How to Hide or Repair Scratches in Plastic Laminate Countertops

By: Danny Lipford

My kitchen countertop has scratches in the Formica. What can I do to patch these areas? -Earl

Hi Earl,

Plastic laminates, like Formica, are composed of layers of compressed paper covered with a thin coating of hard plastic, so it can be tough to repair scratches to the surface. Here are a couple of ideas, though, that might help.

Furniture Paste Wax

Applying a coat of paste wax will add a new shine to the surface and help hide any scratches. Here’s how to go about it:

  • Clean the countertop thoroughly with warm, soapy water.
  • Use a soft, cotton cloth (an old tee shirt works great) to work furniture paste wax into the scratches, then lightly spread more wax across the entire of the countertop.
  • Allow a couple of minutes for the wax to dry, then use another cotton cloth to buff the entire surface of the countertop (a motorized buffer with a lamb’s wool applicator would be even better).

Plastic Laminate Filler

If the scratches are deeper than the outer plastic coating and penetrate down into the laminate core, try applying a colored laminate filler to the countertop, brand names of filler include SeamFil and FormFill.

Apply the filler to the deeper scratches, and let it dry for 24 hours before polishing with furniture wax.

Plastic Laminate Countertop Paint

A final option is to apply a special plastic laminate countertop paint, such as Rust-Oleum Countertop Coating to refinish the countertops. For a more decorative faux granite look, try Giani Granite Paint for Countertops.

You’ll need to start by cleaning the countertops to remove any dirt or grease, then fill any deep scratches or dings using two-part auto body filler, sand the countertops smooth to remove any gloss, and wipe up any sanding dust before coating the surface following the instructions on the container.

Good luck with your project,

Danny

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12 Comments on “How to Hide or Repair Scratches in Plastic Laminate Countertops”

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  • John Brownng Says:
    October 6th, 2016 at 1:28 pm

    Another option is Wipe New. The same stuff that you restore headlights with. Sand using up to the 2000 gtit paper and then apply Wipe New. It probably didn’t shine like that when it was new.



  • Rose Medwedeff Says:
    January 10th, 2016 at 7:07 am

    I use Organic Coconut Oil with fabulous results. This is food grade edible coconut oil. I’ve also used coconut oil to polish all kinds of wood. Apply, wait, then buff. It works like a miracle and it’s safe.



  • David Riehm Says:
    December 30th, 2015 at 1:17 pm

    I have used shoe polish as the wax. Pick a colour to match the counter of course. Don’t do the whole counter, just the scratch. Works well.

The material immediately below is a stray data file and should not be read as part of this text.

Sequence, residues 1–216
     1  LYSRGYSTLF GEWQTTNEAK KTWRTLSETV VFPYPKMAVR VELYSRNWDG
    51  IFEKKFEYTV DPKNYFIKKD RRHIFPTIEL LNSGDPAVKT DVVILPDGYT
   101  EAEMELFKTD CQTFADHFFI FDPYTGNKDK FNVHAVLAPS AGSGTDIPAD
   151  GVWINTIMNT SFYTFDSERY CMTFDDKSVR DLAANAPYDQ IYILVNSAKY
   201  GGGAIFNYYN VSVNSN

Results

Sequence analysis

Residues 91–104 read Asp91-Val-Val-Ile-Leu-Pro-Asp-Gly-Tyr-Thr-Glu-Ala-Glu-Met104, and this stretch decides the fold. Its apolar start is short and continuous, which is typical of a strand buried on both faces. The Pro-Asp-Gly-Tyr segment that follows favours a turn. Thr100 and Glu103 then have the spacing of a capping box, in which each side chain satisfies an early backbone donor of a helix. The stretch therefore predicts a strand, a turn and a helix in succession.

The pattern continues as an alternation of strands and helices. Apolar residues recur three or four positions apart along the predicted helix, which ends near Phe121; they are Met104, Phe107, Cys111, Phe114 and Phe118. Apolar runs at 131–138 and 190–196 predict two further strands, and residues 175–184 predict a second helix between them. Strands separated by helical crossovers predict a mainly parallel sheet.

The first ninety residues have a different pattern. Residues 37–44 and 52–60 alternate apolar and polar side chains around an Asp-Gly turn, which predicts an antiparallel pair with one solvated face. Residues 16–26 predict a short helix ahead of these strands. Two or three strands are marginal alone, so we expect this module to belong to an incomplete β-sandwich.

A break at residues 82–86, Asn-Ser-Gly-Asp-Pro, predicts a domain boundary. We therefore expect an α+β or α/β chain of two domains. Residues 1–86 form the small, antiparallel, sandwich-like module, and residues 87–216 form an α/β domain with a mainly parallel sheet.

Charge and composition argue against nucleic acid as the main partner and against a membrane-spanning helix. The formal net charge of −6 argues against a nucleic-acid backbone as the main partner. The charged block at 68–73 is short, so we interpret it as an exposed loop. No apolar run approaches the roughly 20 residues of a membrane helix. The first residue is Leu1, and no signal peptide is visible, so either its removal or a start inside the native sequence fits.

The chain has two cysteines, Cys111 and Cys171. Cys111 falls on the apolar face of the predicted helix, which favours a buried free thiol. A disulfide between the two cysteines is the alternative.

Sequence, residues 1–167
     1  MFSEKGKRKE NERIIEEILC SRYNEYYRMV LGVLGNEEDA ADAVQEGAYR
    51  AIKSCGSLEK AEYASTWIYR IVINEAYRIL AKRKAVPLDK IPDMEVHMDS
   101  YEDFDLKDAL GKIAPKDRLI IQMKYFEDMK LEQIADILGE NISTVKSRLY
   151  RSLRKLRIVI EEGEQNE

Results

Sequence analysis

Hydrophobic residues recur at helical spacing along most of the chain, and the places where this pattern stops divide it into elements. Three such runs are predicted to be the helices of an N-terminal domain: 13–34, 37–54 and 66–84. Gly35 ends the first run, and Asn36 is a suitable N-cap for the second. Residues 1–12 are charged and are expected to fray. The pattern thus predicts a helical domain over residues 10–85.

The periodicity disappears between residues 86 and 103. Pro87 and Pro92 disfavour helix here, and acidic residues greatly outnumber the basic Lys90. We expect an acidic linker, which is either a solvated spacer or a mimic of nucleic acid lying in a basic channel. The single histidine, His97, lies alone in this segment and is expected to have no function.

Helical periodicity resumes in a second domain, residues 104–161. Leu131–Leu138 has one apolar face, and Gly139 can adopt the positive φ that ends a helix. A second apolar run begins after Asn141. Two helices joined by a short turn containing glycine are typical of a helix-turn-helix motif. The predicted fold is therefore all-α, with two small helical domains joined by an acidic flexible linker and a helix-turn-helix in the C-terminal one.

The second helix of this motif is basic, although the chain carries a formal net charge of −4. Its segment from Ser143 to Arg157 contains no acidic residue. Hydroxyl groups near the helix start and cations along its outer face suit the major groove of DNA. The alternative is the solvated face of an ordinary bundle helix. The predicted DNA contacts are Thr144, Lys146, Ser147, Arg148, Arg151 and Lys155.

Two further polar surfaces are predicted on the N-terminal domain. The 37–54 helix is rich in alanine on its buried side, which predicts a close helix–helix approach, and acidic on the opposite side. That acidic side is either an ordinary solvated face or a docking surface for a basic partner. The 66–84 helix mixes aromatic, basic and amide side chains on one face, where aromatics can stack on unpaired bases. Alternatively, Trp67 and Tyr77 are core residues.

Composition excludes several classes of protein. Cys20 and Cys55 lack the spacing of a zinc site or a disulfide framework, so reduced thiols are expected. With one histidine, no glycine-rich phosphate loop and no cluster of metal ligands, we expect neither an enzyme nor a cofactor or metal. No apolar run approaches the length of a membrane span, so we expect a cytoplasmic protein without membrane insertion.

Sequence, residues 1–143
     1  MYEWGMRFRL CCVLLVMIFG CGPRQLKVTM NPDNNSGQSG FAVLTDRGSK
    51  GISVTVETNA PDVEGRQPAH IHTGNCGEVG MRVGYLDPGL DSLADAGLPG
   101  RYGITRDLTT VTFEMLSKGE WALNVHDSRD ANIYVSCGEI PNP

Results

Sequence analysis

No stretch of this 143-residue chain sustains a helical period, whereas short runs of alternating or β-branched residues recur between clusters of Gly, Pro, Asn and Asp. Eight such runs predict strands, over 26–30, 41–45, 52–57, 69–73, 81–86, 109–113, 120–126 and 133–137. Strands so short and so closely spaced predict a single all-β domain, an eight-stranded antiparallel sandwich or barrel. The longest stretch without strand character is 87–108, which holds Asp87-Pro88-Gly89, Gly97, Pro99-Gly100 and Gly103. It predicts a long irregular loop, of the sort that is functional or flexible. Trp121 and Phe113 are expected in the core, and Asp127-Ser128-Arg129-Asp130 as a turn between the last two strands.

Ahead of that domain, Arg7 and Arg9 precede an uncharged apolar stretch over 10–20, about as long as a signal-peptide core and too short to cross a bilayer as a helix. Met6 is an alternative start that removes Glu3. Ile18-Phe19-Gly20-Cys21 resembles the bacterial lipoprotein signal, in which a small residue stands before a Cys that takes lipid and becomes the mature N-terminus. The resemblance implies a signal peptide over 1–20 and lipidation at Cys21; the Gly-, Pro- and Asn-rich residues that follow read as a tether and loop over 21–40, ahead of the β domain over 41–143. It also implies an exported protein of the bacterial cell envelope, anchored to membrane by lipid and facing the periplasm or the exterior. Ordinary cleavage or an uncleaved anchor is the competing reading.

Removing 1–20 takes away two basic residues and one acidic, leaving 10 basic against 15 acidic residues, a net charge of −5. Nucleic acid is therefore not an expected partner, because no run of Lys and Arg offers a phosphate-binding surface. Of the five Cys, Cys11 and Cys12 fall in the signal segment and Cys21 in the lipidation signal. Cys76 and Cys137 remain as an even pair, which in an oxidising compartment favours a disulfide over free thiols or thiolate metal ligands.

• sharon tarrillion Says:
    December 18th, 2015 at 4:12 pm

    I have to find the cheapest way to repair a kitchen counter top scratch that i drug a microwave across. It’s just the finish and about 8 inches long. How do i judge the color and purchase your product and fix it myself?
    =====thanks and please respond -====
    Sharon Tarrillion



  • Georgie Says:
    September 21st, 2014 at 4:27 pm

    I tried a furniture wax that included carnuaba wax and beeswax. It polished up well but I now regret doing it because hot dishes like a cup of tea have created cloudy ring marks. I wish I went for another option.



  • Susan Says:
    April 9th, 2013 at 3:35 pm

    Hi Danny, Stupidly I rubbed off lamination with a scotchbrite scouring pad trying to remove a small water stain. Will the procedure with wax help and where could I purchase it locally-food safe also. Should I go for the products mentioned Woodturnercatalog or beeswax. Should I also use the filler and where can I purchase that if so? Thanx so much, it is not my place and I feel so bad about it. Was only trying to help.


  • Official Comment:


    Ben Erickson Says:
    June 25th, 2012 at 8:53 am

    Food safe wax can be hard to find. Here’s a link to one at woodturnerscatalog.com that’s listed as food safe . Pure carnauba wax is also considered food safe, though most contain petroleum dissolutes as solvents, making them not food safe. Pure beeswax, such as this one listed at thefurnitureconnoisseur.com is considered food safe, though beeswax doesn’t offer as much protection and may be hard to apply. Hope that helps!



  • Sherry Crowe Says:
    June 25th, 2012 at 5:33 am

    I would also like to know what kind of wax to use and where to buy it. Thanks Sherry



  • Juliane Richards Says:
    May 9th, 2012 at 4:06 pm

    Please be more speciftic about the brand of wax to use, and where to buy as you have mentioned it must be a food-safe wax.

    Thanks Julie



  • David Schlosser Says:
    April 2nd, 2012 at 2:46 pm

    I also have scratches in my laminate counters. Please be more speciftic about the brand of wax to use, and where to buy as you have mentioned it must be a food-safe wax. Thanks Dave



  • Susan Cornett Says:
    March 18th, 2012 at 2:35 pm

    What is the name of the wax for the laminate countertop????



  • Jane Croucher Says:
    March 17th, 2012 at 12:41 pm

    Where can I purchase plasitc laminate filler or paste wax to restore my contertop.
    Thank you.


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